Today’s statement of concern comes from Amy Hager, MS, RD (Twitter handle: @beehappylife):
“After almost 10 years of being a member of the Academy of Nutrition and Dietetics, last year was the first instance where I’ve intentionally decided not to align myself with the Academy and support its mission with my membership. I have a few concerns about the direction the Academy is headed and with the image it conveys as a professional organization.
My opinions are largely influenced by the annual Food and Nutrition Conference, which I’ve attended as a student, a nutrition professional and as a contributor of research. The energy of a national conference for nutrition professionals is empowering and motivating. However, the educational and career development aspects of the conference tend to get overshadowed by the pomp and circumstance of the food industry present on the Expo floor.
What I see is a model too similar to the pharmaceutical industry: countless free samples, coupons and branded educational materials stuffed into the bags of attendees (and eventually into the mailboxes and email inboxes of RDs), all begging for endorsement by the educated professional, the bridge to the confused consumer. When did the dietitian become the “middle man” for these companies? This creates an unfair marketplace advantage for companies that have more money to spend on free consumer resources. It also creates the impression that if these brands have more visibility in the dietitian’s office then, they appear to be the “healthiest” choice available, because why else would the dietitian choose these materials?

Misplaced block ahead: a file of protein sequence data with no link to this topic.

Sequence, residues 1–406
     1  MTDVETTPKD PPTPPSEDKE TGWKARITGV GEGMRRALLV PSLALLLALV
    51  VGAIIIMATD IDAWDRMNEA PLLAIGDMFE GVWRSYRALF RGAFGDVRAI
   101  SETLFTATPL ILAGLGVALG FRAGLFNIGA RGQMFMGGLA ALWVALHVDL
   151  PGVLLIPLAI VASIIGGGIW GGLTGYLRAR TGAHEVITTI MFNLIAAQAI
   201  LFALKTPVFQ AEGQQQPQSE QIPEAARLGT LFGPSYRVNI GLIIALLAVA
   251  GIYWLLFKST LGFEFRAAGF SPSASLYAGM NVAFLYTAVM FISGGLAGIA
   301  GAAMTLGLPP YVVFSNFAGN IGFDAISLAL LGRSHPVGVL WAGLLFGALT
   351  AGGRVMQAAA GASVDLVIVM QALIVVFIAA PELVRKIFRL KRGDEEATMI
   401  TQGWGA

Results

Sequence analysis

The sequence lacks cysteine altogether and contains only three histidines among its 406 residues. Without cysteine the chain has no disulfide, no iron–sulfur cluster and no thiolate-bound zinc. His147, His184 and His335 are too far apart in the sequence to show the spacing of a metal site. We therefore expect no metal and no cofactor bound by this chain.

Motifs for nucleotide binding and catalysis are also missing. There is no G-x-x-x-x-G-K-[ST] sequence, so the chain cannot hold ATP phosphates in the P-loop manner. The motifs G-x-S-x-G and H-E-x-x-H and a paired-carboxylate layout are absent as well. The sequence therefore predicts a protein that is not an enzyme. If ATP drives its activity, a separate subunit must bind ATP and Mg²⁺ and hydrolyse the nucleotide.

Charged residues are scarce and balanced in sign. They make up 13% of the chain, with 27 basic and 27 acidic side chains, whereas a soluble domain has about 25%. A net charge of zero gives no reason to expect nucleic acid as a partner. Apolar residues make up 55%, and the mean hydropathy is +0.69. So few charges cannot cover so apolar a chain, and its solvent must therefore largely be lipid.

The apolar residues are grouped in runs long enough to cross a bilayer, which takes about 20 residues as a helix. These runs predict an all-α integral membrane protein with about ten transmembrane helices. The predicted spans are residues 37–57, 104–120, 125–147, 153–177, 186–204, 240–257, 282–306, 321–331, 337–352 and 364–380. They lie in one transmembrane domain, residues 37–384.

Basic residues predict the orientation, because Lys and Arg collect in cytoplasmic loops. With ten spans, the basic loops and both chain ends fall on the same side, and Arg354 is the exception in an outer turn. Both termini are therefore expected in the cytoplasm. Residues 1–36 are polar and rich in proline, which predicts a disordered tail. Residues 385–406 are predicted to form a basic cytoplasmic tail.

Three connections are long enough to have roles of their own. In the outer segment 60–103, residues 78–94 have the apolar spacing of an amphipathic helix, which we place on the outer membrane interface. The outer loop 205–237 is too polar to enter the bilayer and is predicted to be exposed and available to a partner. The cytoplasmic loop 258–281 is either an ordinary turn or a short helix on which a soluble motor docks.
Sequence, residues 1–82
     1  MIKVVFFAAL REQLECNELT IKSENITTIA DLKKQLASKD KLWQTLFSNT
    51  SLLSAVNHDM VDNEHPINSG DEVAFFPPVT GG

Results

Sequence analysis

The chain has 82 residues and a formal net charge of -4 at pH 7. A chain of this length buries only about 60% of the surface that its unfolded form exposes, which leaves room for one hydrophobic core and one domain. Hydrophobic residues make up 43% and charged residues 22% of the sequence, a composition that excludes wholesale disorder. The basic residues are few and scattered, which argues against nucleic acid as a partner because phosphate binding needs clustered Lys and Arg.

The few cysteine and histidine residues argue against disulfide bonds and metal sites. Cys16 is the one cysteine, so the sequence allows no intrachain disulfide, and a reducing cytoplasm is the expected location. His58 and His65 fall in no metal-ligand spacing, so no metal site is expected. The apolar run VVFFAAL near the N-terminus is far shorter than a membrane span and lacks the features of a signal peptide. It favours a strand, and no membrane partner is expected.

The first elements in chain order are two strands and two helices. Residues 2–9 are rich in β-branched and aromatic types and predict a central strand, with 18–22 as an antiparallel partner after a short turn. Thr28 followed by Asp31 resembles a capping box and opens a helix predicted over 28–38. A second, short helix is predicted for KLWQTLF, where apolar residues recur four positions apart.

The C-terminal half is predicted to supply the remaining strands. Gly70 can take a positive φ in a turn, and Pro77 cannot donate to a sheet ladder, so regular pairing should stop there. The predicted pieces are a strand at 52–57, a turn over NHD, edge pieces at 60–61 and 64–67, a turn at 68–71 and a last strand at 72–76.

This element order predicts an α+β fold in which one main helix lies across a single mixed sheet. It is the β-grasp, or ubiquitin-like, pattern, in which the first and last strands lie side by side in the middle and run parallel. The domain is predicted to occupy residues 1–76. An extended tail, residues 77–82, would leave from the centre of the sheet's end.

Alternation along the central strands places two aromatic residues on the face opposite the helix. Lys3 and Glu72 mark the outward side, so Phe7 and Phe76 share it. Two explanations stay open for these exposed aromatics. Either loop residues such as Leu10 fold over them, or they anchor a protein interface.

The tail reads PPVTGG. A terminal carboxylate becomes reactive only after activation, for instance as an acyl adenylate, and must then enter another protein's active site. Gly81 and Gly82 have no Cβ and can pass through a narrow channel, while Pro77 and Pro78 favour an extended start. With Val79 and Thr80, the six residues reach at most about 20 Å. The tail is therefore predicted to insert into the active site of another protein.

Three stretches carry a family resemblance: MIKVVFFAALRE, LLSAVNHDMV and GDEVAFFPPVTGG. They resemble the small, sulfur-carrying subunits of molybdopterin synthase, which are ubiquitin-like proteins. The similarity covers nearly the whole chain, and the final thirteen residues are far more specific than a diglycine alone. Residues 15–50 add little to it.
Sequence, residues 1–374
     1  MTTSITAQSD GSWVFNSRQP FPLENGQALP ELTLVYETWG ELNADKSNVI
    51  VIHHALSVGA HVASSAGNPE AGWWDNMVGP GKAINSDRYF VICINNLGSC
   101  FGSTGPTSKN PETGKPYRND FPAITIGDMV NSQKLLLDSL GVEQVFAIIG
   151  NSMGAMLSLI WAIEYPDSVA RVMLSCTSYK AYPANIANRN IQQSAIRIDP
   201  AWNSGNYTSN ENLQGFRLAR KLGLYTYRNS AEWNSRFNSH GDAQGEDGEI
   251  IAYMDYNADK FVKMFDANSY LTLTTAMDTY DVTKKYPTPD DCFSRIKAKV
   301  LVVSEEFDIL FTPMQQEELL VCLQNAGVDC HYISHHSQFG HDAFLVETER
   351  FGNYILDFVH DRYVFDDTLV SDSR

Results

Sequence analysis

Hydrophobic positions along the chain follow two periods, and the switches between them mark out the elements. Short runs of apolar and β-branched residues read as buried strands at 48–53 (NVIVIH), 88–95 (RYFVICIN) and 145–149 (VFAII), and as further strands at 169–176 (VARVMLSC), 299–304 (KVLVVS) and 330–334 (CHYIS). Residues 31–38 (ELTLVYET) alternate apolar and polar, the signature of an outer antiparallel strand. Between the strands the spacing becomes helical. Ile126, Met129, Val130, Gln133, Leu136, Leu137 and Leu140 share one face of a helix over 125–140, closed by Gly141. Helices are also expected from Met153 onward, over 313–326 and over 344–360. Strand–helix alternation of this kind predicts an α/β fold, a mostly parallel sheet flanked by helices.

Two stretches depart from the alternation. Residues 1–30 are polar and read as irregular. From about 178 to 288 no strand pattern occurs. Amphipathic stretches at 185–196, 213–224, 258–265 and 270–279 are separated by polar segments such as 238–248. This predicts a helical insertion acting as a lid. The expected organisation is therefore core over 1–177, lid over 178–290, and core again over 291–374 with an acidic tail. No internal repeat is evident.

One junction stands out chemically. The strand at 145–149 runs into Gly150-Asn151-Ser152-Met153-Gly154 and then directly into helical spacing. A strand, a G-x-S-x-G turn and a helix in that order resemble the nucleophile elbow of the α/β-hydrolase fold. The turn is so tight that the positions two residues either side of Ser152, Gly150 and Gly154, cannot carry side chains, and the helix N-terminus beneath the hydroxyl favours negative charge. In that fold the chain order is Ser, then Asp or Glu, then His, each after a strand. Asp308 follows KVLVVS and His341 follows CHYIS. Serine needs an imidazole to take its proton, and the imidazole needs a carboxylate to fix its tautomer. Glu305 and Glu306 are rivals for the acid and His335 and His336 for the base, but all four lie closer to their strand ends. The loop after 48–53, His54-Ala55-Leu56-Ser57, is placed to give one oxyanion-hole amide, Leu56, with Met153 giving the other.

Free or low cost branded materials do not imply endorsement of quality nutrition and this is one area where I feel the Academy is failing to have strict standards.
As a result of this, RDs are now associated with this image of “brand bribery” which is leading potential clients to look elsewhere for their nutrition advice. I’m worried that the reputation of the RD is at stake and that the perceived value as a respected and trusted professional is becoming riddled with recommendations from the most popular, most pervasive food industry brands whether we as dietitians are consciously aware of this or not.
However, I’m hopeful that this image can be repaired and the RD may become the trusted, nutrition professional that the Academy says we are. Taking cues from the pharmaceutical model, I would love to see the food industry provide educational materials that are brand-free. I would love to see the Academy step up on our behalf to demonstrate our trustworthiness by aligning our image with unbranded action, results and outcomes. As registered dietitians, we’ve been transforming the health and lives of countless individuals through our knowledge, empathy and professional skills, not because of our association with the food industry.”